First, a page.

David Iben put it well when he said, 'Volatility is not a risk we care about. What we care about is avoiding the permanent loss of capital.' So it seems the smart money knows that debt - which is usually involved in bankruptcies - is a very important factor, when you assess how risky a company is. We can see that Avinger, Inc. (NASDAQ:AVGR) does use debt in its business. But the real question is whether this debt is making the company risky.
When Is Debt A Problem?
Debt assists a business until the business has trouble paying it off, either with new capital or with free cash flow. In the worst case scenario, a company can go bankrupt if it cannot pay its creditors. However, a more usual (but still expensive) situation is where a company must dilute shareholders at a cheap share price simply to get debt under control. By replacing dilution, though, debt can be an extremely good tool for businesses that need capital to invest in growth at high rates of return. The first thing to do when considering how much debt a business uses is to look at its cash and debt together.
How Much Debt Does Avinger Carry?
You can click the graphic below for the historical numbers, but it shows that as of September 2020 Avinger had US$12.5m of debt, an increase on US$8.58m, over one year. But on the other hand it also has US$25.3m in cash, leading to a US$12.8m net cash position.
A Look At Avinger's Liabilities
The latest balance sheet data shows that Avinger had liabilities of US$18.1m due within a year, and liabilities of US$4.40m falling due after that. Offsetting these obligations, it had cash of US$25.3m as well as receivables valued at US$1.34m due within 12 months. So it can boast US$4.18m more liquid assets than total liabilities.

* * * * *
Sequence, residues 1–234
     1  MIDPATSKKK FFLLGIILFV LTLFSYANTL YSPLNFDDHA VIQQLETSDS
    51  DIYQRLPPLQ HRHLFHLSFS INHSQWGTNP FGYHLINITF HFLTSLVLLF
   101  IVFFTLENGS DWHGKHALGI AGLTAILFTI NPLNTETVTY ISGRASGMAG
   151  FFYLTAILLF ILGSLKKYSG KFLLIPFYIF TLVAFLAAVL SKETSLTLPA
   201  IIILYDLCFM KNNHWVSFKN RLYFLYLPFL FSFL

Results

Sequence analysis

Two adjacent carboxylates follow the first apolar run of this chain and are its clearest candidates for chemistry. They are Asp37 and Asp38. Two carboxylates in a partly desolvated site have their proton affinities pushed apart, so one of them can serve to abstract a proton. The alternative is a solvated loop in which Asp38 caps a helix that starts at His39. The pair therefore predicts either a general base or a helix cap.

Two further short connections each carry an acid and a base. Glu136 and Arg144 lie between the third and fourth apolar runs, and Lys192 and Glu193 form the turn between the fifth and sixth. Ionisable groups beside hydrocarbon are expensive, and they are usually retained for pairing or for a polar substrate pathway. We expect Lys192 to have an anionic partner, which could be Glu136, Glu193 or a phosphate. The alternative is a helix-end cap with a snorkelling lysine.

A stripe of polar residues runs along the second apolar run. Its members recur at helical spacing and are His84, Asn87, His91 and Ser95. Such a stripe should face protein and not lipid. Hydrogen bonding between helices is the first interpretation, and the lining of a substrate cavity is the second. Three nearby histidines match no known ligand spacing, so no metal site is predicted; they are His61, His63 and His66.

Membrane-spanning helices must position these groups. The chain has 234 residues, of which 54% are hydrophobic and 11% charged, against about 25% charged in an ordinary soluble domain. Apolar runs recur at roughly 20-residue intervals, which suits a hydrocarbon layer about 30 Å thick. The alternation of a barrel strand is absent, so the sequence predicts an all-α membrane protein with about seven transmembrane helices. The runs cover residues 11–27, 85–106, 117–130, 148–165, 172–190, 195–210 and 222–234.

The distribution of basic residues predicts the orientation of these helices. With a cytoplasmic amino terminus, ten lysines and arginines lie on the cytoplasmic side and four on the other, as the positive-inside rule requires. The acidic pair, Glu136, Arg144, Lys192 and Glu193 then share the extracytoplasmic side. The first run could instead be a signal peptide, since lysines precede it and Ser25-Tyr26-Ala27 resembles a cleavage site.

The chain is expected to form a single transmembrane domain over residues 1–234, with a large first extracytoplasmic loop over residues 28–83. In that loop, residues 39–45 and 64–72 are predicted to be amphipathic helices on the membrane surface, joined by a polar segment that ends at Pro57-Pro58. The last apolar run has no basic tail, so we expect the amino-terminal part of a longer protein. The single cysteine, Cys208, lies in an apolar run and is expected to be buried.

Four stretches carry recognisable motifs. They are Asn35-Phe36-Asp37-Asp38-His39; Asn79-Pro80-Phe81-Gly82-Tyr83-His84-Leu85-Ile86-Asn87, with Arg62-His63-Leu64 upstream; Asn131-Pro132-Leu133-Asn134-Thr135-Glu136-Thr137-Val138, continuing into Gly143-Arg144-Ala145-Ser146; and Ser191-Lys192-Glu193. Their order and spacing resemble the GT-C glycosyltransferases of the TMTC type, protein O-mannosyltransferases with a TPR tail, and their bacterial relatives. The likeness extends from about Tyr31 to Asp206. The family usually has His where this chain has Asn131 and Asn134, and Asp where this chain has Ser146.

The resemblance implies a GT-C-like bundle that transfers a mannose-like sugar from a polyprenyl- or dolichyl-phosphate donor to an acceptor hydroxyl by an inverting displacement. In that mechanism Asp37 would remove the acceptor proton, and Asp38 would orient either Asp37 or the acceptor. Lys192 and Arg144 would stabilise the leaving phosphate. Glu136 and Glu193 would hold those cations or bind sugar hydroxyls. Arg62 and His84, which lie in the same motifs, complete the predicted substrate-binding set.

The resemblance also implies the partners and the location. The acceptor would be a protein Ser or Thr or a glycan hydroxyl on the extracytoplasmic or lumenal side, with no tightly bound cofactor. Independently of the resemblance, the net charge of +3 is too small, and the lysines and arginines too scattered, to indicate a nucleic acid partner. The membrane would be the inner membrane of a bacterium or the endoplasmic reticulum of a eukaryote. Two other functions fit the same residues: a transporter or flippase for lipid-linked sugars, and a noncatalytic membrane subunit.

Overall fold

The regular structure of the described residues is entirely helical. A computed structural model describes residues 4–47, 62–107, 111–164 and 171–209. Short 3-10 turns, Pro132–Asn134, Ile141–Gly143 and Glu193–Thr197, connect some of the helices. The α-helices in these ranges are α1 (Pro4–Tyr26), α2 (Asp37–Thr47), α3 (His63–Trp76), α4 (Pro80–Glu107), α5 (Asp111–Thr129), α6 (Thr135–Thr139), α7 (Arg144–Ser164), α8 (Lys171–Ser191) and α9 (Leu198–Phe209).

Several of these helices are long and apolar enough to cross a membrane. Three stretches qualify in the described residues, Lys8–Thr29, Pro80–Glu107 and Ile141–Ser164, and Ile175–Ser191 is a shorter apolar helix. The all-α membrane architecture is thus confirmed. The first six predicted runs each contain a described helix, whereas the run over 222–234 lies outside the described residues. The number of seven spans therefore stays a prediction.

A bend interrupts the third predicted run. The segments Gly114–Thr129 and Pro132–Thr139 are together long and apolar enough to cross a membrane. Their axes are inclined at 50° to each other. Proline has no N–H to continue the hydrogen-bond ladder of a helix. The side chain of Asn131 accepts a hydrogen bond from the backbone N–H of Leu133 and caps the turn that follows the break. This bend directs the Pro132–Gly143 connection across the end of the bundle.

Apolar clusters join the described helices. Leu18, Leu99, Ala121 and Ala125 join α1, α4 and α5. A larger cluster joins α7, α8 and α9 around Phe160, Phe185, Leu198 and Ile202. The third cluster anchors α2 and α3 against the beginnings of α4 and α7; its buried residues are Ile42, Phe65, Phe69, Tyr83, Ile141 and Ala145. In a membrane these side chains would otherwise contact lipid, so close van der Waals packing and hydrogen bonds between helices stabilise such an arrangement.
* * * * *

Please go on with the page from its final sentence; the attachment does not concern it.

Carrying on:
This surplus suggests that Avinger has a conservative balance sheet, and could probably eliminate its debt without much difficulty. Succinctly put, Avinger boasts net cash, so it's fair to say it does not have a heavy debt load! The balance sheet is clearly the area to focus on when you are analysing debt. But it is future earnings, more than anything, that will determine Avinger's ability to maintain a healthy balance sheet going forward. So if you want to see what the professionals think, you might find this free report on analyst profit forecasts to be interesting.
In the last year Avinger's revenue was pretty flat, and it made a negative EBIT. While that's not too bad, we'd prefer see growth.
So How Risky Is Avinger?
By their very nature companies that are losing money are more risky than those with a long history of profitability. And we do note that Avinger had an earnings before interest and tax (EBIT) loss, over the last year. And over the same period it saw negative free cash outflow of US$15m and booked a US$23m accounting loss. Given it only has net cash of US$12.8m, the company may need to raise more capital if it doesn't reach break-even soon. Overall, its balance sheet doesn't seem overly risky, at the moment, but we're always cautious until we see the positive free cash flow. The balance sheet is clearly the area to focus on when you are analysing debt. But ultimately, every company can contain risks that exist outside of the balance sheet. For example, we've discovered 3 warning signs for Avinger (1 is significant!) that you should be aware of before investing here.
If you're interested in investing in businesses that can grow profits without the burden of debt, then check out this free list of growing businesses that have net cash on the balance sheet.
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